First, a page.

6. Imported Cabbageworm / Cabbage Butterfly
   • Pieris rapae
   • Winter is spent as a pupa amongst plant debris.
   • Adult females lay yellow bullet shaped eggs on leaves.
   • 2-4 generations a year
   • Like broccoli, cauliflower, cabbage
   • Use of exclusion with reemay
   • Bacillus thuriengensis

7. Strawberry Root Weevil
   • Otiorhynchus ovatus
   • Very small, ¼ inch long, black or dark brown with rows of pits along their back
   • Feed on roots of strawberries, evergreens, raspberries, grapes, etc.
   • Adults emerge in early summer and feed on the edges of foliage, leaving a characteristic notched appearance
   • In hot dry summers, they can become invaders in your home looking for cool, damp conditions. They are attracted to moisture.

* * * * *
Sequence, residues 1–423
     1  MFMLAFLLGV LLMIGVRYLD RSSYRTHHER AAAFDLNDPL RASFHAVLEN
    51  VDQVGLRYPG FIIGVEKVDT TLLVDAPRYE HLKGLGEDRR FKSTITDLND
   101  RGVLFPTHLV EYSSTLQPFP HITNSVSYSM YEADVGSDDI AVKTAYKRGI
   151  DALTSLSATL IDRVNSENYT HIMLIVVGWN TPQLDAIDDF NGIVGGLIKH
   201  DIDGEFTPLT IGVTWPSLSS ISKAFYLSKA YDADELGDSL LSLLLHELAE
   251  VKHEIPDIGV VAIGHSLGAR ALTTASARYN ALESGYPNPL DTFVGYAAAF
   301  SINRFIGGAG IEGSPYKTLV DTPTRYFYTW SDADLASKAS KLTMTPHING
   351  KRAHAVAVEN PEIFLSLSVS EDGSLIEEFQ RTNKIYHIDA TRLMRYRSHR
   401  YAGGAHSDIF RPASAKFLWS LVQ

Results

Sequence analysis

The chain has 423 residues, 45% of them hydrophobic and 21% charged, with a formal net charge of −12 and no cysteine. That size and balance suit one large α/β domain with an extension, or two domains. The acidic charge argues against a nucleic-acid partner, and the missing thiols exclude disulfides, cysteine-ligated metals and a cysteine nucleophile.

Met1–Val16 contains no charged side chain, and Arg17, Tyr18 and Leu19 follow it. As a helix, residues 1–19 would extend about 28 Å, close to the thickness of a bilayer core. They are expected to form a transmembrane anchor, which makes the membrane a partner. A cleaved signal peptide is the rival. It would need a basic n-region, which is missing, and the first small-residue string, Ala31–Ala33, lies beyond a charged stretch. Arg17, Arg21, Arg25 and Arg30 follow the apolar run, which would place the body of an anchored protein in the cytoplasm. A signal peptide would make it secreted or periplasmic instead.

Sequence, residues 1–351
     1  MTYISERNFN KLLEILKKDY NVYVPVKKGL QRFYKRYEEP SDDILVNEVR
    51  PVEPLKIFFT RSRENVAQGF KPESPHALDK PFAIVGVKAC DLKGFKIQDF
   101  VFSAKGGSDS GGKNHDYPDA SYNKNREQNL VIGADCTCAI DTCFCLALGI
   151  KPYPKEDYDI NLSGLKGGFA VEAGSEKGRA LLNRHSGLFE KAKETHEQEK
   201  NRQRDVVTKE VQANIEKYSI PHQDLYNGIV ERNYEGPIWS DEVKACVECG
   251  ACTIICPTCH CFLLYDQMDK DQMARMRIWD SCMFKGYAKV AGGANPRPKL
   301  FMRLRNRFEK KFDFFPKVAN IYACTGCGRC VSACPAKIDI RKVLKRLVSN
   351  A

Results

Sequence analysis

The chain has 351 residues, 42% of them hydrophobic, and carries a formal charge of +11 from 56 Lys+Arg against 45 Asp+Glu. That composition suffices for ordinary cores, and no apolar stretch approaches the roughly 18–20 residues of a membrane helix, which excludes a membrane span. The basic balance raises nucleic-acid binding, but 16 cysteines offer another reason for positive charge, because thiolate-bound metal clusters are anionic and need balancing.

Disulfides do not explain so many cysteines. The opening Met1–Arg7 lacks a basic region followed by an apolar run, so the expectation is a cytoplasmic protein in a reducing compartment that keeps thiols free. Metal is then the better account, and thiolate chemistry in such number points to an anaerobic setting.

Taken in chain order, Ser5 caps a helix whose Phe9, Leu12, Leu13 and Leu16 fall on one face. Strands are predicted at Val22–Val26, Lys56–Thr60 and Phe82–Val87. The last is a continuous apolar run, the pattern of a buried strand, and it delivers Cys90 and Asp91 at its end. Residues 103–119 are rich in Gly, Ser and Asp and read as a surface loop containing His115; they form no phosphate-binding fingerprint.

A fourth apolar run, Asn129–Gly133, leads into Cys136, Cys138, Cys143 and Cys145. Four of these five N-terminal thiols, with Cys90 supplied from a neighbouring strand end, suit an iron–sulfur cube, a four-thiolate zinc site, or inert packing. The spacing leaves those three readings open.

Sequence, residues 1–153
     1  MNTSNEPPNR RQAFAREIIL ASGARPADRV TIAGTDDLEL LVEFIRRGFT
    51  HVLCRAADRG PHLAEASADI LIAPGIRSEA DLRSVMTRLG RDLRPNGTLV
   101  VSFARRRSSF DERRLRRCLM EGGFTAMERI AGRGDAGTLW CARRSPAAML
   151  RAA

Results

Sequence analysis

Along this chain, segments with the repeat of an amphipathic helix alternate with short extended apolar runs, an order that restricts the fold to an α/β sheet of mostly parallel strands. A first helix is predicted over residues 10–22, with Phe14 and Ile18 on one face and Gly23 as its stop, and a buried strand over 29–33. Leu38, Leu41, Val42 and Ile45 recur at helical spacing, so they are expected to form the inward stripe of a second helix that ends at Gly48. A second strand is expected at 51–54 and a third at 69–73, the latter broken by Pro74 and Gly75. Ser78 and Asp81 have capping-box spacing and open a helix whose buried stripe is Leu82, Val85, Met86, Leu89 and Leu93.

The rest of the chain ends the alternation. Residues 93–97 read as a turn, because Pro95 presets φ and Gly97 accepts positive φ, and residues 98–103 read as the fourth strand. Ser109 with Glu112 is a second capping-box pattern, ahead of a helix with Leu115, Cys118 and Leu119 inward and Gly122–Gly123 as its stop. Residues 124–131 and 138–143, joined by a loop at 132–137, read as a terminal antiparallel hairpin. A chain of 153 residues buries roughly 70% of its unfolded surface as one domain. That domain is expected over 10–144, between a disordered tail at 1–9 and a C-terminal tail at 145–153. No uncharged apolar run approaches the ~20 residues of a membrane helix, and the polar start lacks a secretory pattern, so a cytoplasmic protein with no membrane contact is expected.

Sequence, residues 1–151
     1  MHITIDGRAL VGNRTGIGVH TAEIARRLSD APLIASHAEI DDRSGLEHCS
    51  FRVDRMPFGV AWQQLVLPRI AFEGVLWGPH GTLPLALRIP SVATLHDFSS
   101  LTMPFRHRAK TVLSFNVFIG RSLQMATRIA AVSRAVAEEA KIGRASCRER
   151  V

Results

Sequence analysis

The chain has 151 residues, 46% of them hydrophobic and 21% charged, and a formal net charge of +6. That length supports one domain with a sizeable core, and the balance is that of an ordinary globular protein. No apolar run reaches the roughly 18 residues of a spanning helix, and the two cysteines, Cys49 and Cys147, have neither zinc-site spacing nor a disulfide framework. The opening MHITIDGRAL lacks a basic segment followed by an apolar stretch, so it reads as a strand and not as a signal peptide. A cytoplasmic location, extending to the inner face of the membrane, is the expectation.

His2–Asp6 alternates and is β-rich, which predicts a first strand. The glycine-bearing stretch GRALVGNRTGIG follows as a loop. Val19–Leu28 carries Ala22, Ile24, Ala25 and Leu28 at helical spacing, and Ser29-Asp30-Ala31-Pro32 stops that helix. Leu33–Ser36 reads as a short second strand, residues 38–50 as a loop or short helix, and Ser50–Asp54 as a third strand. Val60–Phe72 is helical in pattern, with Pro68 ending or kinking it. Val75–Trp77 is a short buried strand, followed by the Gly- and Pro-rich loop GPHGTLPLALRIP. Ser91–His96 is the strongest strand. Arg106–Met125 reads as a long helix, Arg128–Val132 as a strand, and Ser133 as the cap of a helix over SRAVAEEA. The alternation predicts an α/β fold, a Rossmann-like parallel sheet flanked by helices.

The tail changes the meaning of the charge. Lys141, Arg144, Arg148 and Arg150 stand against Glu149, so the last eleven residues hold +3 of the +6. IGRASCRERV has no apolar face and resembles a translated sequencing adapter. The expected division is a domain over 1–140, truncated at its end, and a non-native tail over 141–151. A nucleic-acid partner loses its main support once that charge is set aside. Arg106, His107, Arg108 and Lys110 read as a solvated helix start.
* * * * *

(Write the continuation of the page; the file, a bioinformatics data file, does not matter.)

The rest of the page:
• They are being found this year near water on docks, lakeshores and in basements, sinks, bathtubs.

8. Colorado Potato Beetle
   • Leptinotarsa decemlineata
    • Found occasionally in Cook County
   • Adults 3/8” long, yellow and black stripes on back
   • Larvae are reddish / red-orange with a dark head
   • Usually one generation a year
   • Hand pick

9. Potato Leafhopper
   • Empoasca fabae
   • Pale green, 1/8” long, move sideways when disturbed
   • Yellowing of tip of leafs followed by browning, cupping, distortion.
   • ‘Hopper burn’
   • Rose leafhoppers similar, but nymphs cannot move sideways. Pale yellow to creamy white color.
   • White apple leafhopper is also similar.

10. Four-lined Plant bug
   • Poecilocapsus lineatus
   • Adults are yellow usually with 4 dark lines on their back.
   • ¼ -1/3” long / immature forms are bright red-orange with black dots on the thorax